“Molecular Mechanisms of Cellular Force Transduction"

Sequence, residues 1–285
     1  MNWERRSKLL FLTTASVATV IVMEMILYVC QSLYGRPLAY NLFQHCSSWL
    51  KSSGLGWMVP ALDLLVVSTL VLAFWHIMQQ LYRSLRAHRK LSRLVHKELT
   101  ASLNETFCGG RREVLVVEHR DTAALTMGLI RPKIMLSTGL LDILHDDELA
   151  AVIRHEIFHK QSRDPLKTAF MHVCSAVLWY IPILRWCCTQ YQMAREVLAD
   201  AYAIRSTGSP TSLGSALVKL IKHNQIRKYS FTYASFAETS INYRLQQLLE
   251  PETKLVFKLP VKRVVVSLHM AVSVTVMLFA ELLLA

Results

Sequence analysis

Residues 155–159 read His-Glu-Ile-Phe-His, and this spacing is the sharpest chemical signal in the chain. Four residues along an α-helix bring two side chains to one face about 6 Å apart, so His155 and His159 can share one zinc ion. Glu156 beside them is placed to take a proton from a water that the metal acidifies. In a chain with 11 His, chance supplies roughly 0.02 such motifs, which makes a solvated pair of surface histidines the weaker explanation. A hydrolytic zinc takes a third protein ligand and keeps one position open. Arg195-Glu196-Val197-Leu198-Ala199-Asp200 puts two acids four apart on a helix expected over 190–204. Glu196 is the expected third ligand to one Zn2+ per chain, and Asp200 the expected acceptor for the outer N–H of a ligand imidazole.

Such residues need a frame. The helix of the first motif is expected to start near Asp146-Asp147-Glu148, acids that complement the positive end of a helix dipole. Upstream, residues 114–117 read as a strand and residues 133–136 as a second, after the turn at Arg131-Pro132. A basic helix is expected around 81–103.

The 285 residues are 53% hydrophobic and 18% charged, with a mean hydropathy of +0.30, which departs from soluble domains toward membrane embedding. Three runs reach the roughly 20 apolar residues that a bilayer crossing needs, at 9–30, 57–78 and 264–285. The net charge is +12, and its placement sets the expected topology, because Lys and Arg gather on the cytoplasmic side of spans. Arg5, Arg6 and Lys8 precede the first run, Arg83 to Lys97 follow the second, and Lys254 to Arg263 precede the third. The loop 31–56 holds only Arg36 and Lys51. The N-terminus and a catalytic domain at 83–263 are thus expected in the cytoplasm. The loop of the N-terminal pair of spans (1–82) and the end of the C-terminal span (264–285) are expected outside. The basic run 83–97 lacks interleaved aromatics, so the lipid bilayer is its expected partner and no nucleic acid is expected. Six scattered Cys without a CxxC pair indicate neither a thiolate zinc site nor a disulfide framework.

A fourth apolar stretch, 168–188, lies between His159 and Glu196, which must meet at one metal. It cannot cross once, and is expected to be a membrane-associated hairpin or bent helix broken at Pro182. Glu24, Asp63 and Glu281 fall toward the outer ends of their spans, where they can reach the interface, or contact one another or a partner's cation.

Establishing molecular mechanisms by which cells sense and respond to mechanical forces is a major challenge in biology. This talk focuses on our investigations of biomolecular adhesion and force transduction at cell-cell contacts. We focus on cadherins—essential cell-to-cell adhesion proteins in all tissues—as models proteins for demonstrating biophysical approaches used to unravel the molecular mechanisms of force transduction in cells. Studies used mechanical probes and fluorescent protein biosensors to identify the rapid, early molecular events triggered by mechanically perturbing cadherin receptors on the cell surface. Our studies identified two related cadherin-mediated, force-transduction mechanisms in cells. The first involves a cytoplasmic, actin-binding protein, alpha catenin, which mechanically links cadherin complexes to actin. Alpha catenin is an autoinhibited protein that undergoes a force-dependent conformational change, to expose a cryptic site for actin binding proteins in the cell. Biophysical studies directly demonstrated that force fluctuations at cadherin-adhesions activate α-catenin, and an engineered protein based fluorescence reporter identified force-activated biomolecular changes in live cells. Steered MD simulations further identified key amino acids in the protein structure that appear to gate its mechanical response. In a second mechanism, cadherin force transduction activates a signaling cascade via the epidermal growth factor receptor (EGFR)—an integral membrane protein that associates with cadherin. Resulting EGFR signals trigger biochemical cascades that result in increased cell contractility and cytoskeletal remodelling. Together these findings reveal how protein nano machines sense force at cell-cell junctions, and trigger biochemical changes that both mechanically reinforce intercellular contacts and alter essential cell functions.